Consumers becoming more liable to complain about goods and services

UK consumers today are more inclined to complain about goods and services than five years ago despite encountering less problems, research finds.

The percentage of customers who experience a problem has decreased from 17 per cent in January 2008 to 11.7 per cent in July 2012, while the proportion of those that went on to make a complaint rose from 72 per cent to 76 per cent in the same period.

According to the report of 3,000 consumers by the Institute of Customer Service (ICS), people-related issues such as staff attitude and competence cause the majority (62 per cent) of problems eliciting a complaint.

In comparison, the quality or reliability of goods and services accounts for just a third (34 per cent) of complaints.

When asked about the most annoying or frustrating service problems, customers cite ‘staff attitude’ (rated 8.5 out of 10), ‘staff competence’ (8.4) and ‘organisations not keeping promises’ (8.8).

The sectors experiencing the highest proportion of complaints relating to staff attitude and competence are local public services (44 per cent attitude/36 per cent competence), leisure (36 per cent attitude/37 per cent competence) and national public services (37 per cent attitude and competence).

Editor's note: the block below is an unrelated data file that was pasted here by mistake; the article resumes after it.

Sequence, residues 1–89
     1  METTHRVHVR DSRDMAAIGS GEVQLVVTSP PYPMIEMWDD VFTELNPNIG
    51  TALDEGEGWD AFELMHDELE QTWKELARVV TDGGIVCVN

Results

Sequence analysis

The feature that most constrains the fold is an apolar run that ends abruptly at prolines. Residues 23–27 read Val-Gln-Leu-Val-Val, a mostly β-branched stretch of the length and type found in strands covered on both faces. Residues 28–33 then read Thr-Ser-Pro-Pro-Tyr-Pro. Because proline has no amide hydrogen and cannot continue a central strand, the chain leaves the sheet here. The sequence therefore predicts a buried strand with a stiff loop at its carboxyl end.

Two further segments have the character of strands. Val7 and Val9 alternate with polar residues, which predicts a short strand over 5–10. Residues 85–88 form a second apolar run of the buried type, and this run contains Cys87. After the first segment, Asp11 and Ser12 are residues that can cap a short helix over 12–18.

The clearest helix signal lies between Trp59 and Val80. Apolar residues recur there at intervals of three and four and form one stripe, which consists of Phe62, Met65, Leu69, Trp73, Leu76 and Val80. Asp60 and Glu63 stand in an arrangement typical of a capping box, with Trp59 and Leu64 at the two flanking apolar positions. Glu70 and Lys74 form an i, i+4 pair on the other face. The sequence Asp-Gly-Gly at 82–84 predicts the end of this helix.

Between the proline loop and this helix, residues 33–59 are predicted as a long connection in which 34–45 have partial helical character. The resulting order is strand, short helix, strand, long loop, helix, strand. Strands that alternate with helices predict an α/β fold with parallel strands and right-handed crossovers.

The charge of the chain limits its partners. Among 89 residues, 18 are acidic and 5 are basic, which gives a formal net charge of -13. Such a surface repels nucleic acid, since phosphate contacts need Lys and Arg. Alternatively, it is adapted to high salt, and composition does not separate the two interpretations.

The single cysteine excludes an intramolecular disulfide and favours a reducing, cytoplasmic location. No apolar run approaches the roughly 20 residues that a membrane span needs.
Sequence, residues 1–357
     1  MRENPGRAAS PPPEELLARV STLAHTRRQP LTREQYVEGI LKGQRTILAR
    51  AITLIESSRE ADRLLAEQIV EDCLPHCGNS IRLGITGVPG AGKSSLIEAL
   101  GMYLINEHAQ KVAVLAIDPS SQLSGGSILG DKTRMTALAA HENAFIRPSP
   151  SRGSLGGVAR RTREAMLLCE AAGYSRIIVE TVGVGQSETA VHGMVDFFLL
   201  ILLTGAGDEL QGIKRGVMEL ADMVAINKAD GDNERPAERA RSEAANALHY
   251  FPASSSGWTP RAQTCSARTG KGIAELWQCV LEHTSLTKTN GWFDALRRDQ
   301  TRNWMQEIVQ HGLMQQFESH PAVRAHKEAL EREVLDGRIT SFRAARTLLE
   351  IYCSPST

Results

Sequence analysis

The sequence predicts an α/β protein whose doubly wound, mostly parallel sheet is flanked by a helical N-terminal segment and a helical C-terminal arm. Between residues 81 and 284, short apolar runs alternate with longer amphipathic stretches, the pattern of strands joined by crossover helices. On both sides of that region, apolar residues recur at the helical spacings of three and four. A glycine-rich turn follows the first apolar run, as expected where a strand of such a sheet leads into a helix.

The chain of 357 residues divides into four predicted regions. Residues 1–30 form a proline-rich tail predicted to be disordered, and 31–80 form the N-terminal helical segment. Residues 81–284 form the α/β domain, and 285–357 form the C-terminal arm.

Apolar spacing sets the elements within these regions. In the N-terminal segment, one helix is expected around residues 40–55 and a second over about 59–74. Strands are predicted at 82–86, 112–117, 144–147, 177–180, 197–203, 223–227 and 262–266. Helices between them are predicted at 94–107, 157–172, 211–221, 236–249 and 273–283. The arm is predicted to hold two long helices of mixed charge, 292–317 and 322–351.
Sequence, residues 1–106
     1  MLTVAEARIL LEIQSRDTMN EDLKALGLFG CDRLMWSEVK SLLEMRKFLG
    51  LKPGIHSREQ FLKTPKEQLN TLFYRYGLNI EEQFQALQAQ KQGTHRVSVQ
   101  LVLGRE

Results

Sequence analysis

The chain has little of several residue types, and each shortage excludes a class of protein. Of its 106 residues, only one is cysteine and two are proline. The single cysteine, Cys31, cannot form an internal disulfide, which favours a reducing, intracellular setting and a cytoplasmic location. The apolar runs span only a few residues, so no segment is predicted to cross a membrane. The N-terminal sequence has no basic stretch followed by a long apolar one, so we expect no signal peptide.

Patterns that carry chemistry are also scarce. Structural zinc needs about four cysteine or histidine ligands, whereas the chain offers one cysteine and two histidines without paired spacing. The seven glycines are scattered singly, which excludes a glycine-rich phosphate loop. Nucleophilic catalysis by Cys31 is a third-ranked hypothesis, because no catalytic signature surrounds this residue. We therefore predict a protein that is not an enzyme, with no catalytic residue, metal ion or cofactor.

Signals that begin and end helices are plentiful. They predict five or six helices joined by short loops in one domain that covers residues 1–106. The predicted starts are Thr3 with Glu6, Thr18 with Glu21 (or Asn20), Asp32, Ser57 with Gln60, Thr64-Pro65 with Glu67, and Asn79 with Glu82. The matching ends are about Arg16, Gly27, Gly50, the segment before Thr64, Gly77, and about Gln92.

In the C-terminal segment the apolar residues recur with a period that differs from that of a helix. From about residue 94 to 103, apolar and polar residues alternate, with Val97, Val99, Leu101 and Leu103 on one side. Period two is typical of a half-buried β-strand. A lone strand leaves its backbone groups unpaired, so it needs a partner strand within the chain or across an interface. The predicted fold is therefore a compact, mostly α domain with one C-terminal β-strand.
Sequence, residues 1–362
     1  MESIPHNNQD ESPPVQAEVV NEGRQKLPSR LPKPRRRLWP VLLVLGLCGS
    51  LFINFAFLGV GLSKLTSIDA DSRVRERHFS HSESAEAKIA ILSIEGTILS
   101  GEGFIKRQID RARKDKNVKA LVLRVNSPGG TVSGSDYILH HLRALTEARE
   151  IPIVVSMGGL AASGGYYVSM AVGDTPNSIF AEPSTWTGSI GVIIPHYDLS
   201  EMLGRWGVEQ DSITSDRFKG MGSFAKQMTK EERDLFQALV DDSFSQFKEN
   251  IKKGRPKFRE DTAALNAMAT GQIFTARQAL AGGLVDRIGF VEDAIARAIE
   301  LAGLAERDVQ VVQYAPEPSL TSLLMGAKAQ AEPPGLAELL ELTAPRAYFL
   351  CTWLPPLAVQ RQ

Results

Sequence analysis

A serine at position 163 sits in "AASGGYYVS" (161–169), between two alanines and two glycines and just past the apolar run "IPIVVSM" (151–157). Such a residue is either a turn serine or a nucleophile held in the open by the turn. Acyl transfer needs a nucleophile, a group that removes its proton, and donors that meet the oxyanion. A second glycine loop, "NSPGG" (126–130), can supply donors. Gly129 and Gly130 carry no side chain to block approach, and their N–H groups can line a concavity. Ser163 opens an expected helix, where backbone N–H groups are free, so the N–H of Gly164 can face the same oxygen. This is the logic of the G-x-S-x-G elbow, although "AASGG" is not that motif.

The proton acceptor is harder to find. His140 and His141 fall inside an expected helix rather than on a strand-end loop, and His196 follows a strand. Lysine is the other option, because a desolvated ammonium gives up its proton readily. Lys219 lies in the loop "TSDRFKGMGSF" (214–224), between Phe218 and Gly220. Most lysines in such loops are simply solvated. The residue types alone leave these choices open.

Some 24 per cent of customers who recently experienced a problem did not make a complaint about it.

The sector experiencing the highest proportion of ‘silent sufferers’ is the transport sector, where 37 per cent of customers recently facing a problem did not complain, followed by leisure (34 per cent) and the public sector (local and national) (28 per cent).

The majority of these ‘silent sufferers’ (51 per cent) claim that their main reason for avoiding making a complaint is that they think it will make no difference.

Jo Causon, ICS chief executive says, ‘Our research suggests that customers are most satisfied when complaints are dealt with immediately. As a result, organisations need to ensure that all customer contacts are handled consistently well, and that customers are not passed from pillar to post.’

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